Political process is a part of human and organizational behavior. To disengage from it is to cede authority to those who choose to continue to play. It is morally and logically untenable to disengage out of abhorrence to politics and then later claim that you were disenfranchised.
As leaders, however, we do have an obligation to avoid the trap of letting politics intrude on purely technical decisions. Even at the national level, we have sometimes made the mistake of letting political concerns govern decisions that were untenable on technical merit. When facts are clear, we cannot ignore them, regardless of the political consequences. Try not to violate laws of physics.
When we engage in politics, we need to encourage good politics as indicated in this chapter. We need to become wary when we see "neutral zone" behavior starting to occur. And we need to stamp out and crush, preferably through peer pressure, bad politics. Basically, bad politics corrupts the entire process by admitting as legitimate those behaviors that are clearly unethical and of low integrity.
Note that even "neutral" or "gray zone" practices will undermine a high-trust environment. The advantages of a high-trust environment are so great that one should seriously consider whether the allowance of "gray zone" practices is worth the risk.
We need to ensure that in all political processes or negotiations, the "polls close," that decisions are made, that the team "signs up," and that we move forward as one to implement the decision without continuing nonproductive debate.
It has been said that for evil to triumph, it is sufficient for good men to do nothing. If you fall back on the "all politicians are corrupt scoundrels" argument, I have only two words for you: Harry Truman. Truman was no technologist, but he was a superb politician and leader. This takes us way beyond the scope of this chapter, and most likely beyond the scope of the book as well. But I am constantly (and I think legitimately) concerned that software engineers' withdrawal from a process they see as political robs the organization of important input.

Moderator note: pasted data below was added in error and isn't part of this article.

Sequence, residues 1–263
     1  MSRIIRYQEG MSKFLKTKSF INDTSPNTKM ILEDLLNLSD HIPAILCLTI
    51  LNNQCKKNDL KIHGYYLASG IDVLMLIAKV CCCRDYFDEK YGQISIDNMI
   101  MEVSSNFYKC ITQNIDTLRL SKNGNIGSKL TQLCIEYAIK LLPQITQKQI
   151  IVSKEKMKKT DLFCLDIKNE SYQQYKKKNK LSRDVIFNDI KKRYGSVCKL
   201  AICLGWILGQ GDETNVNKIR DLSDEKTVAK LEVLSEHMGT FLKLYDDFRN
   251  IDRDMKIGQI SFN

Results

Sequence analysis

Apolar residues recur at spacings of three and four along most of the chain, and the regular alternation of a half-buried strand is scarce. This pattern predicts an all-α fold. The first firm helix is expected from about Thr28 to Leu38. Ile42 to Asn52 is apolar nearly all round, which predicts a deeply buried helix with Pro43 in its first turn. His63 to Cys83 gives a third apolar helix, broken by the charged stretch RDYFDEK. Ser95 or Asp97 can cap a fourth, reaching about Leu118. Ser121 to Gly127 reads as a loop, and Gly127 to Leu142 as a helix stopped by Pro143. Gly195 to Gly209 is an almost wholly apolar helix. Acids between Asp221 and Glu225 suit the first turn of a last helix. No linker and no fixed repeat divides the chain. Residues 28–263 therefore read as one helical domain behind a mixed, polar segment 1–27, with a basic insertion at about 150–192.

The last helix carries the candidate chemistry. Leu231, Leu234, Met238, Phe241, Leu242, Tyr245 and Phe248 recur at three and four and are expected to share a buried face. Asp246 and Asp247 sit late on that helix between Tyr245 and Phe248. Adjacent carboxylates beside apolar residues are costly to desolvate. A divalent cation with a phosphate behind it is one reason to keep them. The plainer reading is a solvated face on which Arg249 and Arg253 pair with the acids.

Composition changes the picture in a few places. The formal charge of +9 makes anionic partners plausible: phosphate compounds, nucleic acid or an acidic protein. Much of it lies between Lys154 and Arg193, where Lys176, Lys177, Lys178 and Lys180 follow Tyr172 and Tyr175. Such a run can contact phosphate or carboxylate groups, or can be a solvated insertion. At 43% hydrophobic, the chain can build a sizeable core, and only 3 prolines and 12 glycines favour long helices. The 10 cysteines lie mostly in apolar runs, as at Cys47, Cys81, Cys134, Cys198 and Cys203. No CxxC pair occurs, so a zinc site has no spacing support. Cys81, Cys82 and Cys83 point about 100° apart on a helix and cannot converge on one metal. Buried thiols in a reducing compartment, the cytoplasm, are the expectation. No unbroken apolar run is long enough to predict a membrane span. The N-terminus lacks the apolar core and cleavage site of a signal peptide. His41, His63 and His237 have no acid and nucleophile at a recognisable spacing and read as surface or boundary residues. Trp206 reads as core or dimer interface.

On the other hand, politics is not always the issue. Many developers opt not to participate because we have discouraged them in the past. Many senior people have remarked to me that managers don't listen anyway. I think this is perhaps a somewhat jaundiced perspective, but if we want participation we do need to listen. And we certainly always need to separate technical from non-technical issues.
The separation of technical from non-technical issues is sometimes very easy. Usually, what we are going to do is a political decision, and how we are going to do it is a technical one. On the other hand, there can be interactions. For example, the time and resources it takes to implement a feature (the how) can affect the decision whether to do it or not, so the how influences the what. The important thing is to be sure that engineering estimates of how long things might take are honestly given, and not motivated by what people think the political consequences might be. That is a sure way to go wrong.
But sometimes even managers who are good listeners get in trouble the first time they open their mouths. How you talk with engineers is the topic of the next chapter. I've labeled it "Negotiating," because that is how it seems to both sides. In reality, it addresses communication in general between software people.